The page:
When an airplane is designed for a particular purpose and performs to expectations, it’s a wonderful thing. When that performance brings relief to people after a natural disaster, it’s even better. That about sums up the use of the Quest Kodiak in Haiti, says Paul Schaller, president and CEO of Quest Aircraft Co.
“The Kodiak performed just like we expected it would,” he said when General Aviation News caught up with him at Sun ’n Fun in April.
As the name implies, the Kodiak was designed to be a rugged backcountry flying machine with short takeoff and landing capabilities— “sort of a flying sport utility vehicle and part truck,” Schaller said.
Responding to the relief efforts after the earthquake in Haiti gave the Idaho-built airplane a chance to shine, he added. “Right after the earthquake hit, the country’s infrastructure was in a shambles. Entire communities were destroyed and, although supplies could be brought into larger airports such as Port Au Prince, they couldn’t get the supplies to the outlying communities that needed them the most because the roads were destroyed,” he explained, noting that this kind of emergency is exactly what the Kodiak was designed for.
“We have some missionary aviation organizations that we work with,” he continued. “They marshaled their forces and made their planes available and took them down there. They brought in food, water, shelter and other things people desperately needed in remote locations where there was damage.”
Many of the Kodiaks picked up supplies from larger airports, then took them to the outlying communities. In many instances, there was no airport in the those communities. Often the Kodiaks landed on stretches of roads or in fields. “Other than by air, the outlying areas were pretty much unreachable,” said Schaller.
While the Kodiaks were busy bringing relief to Haiti, back at the factory in Sandpoint, Idaho, there was a sense of accomplishment, as employees and company officials watched the aircraft that 10 years ago was just an idea serve such a vital role in the relief efforts.
Certified in May 2007, the first Kodiaks were delivered to customers at the end of that year. So far, 50 have been delivered to customers all over the world, who use them in charter operations, small businesses, for personal use, skydiving operations, government, and humanitarian aide.
“We know what the Kodiak will do and so did the mission aviation guys who took them down to Haiti,” Schaller said. “They just worked the heck out of them They flew them all day long and, in some cases, all night long, and they performed really well and hauled just tons and tons of stuff.”
Echoing the Kodiak’s praises is Brian Shepson, chief pilot for Missionary Aviation Fellowship (MAF), who flew the Kodiak during that organization’s Haiti disaster response efforts.
“It was great to have the Kodiak there in Haiti, especially since avgas was very scarce in Haiti right after the quake, and the Kodiak uses much more readily available jet fuel,” he said.
“The Kodiak is just a great tool for disaster response work,” he continued. “It can carry a ton of payload — literally, 2,000 lbs. It’s also very big inside, making it easy to load and unload. It’s quite fast and performs nicely on the short dirt airstrips that MAF uses.”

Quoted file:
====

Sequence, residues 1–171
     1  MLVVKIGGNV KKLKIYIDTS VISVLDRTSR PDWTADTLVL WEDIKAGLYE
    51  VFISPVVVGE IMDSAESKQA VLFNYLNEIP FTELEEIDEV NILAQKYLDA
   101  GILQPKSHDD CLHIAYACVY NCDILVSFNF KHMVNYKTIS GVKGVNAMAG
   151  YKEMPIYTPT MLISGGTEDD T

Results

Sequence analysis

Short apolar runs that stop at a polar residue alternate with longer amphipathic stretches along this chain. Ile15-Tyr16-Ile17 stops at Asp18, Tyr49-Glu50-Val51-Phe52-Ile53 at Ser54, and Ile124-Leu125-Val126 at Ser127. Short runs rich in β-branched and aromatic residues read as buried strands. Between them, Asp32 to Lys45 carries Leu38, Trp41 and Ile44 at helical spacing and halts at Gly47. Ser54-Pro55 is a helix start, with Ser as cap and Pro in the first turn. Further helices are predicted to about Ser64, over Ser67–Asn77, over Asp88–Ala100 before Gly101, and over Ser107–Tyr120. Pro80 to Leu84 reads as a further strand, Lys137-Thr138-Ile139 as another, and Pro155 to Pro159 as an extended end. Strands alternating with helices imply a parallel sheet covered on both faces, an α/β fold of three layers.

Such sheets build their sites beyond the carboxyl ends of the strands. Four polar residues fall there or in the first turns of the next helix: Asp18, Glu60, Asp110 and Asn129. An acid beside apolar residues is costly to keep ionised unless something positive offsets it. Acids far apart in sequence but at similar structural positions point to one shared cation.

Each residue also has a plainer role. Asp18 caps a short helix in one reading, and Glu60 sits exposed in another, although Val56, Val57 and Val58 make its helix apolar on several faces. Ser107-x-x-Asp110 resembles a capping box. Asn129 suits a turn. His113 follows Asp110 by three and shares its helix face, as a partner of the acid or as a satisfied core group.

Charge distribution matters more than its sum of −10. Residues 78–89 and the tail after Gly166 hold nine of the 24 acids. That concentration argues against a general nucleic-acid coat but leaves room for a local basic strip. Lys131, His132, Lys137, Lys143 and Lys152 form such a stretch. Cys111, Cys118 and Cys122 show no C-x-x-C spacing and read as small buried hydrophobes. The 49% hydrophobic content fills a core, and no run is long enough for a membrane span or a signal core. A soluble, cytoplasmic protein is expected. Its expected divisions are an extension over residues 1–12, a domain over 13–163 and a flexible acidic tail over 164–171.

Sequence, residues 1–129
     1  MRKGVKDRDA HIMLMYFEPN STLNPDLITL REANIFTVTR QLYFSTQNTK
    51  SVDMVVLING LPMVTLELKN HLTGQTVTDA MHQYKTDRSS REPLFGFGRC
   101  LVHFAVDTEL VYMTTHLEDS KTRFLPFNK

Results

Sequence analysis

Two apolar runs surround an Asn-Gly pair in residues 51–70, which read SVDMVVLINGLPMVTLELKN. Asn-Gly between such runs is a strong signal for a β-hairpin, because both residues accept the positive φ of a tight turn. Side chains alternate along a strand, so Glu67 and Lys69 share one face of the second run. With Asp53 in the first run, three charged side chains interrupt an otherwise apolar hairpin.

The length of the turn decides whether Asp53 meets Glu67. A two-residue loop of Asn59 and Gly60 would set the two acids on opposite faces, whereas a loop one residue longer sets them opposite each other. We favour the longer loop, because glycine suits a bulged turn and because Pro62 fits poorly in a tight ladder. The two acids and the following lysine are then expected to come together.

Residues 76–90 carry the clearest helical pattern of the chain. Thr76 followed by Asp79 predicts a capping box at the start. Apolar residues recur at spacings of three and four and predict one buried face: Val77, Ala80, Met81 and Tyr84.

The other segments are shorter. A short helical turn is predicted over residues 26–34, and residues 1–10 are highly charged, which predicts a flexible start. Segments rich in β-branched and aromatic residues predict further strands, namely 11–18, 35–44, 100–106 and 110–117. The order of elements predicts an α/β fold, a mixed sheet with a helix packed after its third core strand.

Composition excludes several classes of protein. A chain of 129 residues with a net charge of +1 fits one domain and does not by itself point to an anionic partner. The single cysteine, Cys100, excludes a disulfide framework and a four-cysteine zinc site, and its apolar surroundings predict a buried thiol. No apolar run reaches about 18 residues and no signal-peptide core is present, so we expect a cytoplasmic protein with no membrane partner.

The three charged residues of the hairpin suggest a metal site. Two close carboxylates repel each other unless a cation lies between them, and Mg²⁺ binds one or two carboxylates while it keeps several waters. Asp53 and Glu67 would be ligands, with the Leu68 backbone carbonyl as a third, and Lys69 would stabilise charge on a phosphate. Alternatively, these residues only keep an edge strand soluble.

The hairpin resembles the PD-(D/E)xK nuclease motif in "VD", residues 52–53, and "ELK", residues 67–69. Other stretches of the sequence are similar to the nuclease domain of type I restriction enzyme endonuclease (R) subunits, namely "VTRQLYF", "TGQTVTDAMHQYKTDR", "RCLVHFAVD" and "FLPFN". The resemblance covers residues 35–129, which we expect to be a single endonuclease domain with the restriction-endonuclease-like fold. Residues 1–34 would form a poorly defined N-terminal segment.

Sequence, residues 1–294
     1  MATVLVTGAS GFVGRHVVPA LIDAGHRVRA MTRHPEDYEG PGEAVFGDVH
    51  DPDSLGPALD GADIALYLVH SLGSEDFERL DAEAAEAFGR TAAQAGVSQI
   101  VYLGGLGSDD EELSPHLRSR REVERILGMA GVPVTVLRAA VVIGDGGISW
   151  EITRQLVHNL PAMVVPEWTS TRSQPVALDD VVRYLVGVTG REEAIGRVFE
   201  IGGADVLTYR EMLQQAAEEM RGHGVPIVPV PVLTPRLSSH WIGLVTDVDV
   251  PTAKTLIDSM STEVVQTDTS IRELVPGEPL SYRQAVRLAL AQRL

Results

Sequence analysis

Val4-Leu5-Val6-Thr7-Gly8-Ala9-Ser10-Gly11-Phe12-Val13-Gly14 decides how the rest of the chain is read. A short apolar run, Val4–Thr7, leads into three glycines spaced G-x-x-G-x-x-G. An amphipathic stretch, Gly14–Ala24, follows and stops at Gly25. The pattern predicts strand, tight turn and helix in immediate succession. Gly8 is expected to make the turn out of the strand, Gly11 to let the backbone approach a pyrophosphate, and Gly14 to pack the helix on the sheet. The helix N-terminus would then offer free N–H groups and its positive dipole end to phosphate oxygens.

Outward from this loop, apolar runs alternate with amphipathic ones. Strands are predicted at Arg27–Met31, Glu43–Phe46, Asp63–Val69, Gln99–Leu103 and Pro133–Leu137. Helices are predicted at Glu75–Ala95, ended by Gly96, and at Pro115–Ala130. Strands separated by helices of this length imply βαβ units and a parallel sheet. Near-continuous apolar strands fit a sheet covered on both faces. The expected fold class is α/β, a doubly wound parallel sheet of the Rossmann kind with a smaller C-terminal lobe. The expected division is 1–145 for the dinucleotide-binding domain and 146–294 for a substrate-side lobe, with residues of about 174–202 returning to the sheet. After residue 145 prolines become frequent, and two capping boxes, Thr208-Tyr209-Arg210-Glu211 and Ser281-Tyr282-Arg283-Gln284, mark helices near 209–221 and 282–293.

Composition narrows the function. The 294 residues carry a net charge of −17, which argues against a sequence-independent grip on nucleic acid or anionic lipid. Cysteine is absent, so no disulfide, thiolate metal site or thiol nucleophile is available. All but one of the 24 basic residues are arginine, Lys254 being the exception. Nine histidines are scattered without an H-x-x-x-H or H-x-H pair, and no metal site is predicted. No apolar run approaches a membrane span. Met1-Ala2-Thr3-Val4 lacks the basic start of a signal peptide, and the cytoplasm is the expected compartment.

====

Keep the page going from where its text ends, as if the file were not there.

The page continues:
Shepson said one of the most helpful features was the traffic avoidance system on the Garmin 1000 displays. “There was so much air traffic at the time of the earthquake — planes and helicopters everywhere,” he said. “Approach control and tower operations were severely limited since they were damaged in the quake. The ‘tower’ was just a couple of lawn chairs and a hand-held radio set up in the grass at the intersection of a taxiway and the runway. The Kodiak’s traffic avoidance system was critical. It made it so much easier to see other aircraft.”
The Kodiak’s versatility and ruggedness are big selling points, Schaller noted.
In April, the Royal Canadian Mounted Police (RCMP) became the latest organization to add the Kodiak to its fleet.
“They fly lots of airplanes in the bush and we are pleased that they saw the benefits of how the Kodiak might fit into their fleet,” he said, noting that the RCMP Kodiak is equipped with amphibious floats, which makes it truly a go anywhere, do anything airplane. “The RCMP has extensive experience operating aircraft in remote locations and under challenging conditions.”
The RCMP will use the Kodiak for aerial surveillance, border monitoring, general police work, and rescue support. RCMP’s aircraft is equipped with a roll-up door in addition to the standard cargo door, making it easy to drop supplies and equipment in both routine and emergency operations. The aircraft is also outfitted with an air-to-ground communication system.
During Sun ’n Fun, Schaller (pictured below) was cautiously optimistic about the future of the company.
“In 2008 we delivered eight aircraft, in 2009 we delivered 24, then the market caught up with us like it did with everything else, so we scaled back and right sized the company,” he said. “Currently we are producing two aircraft a month and we will stay at that level until we see the market starting to ramp back up. This show — Sun ‘n Fun — is the first assessment of that and it seems to be good so far.”
Schaller noted that the tooling is in place and, when the orders increase, the company could double its production rate in as little as three to six months for the Kodiak, which starts at about $1.67 million.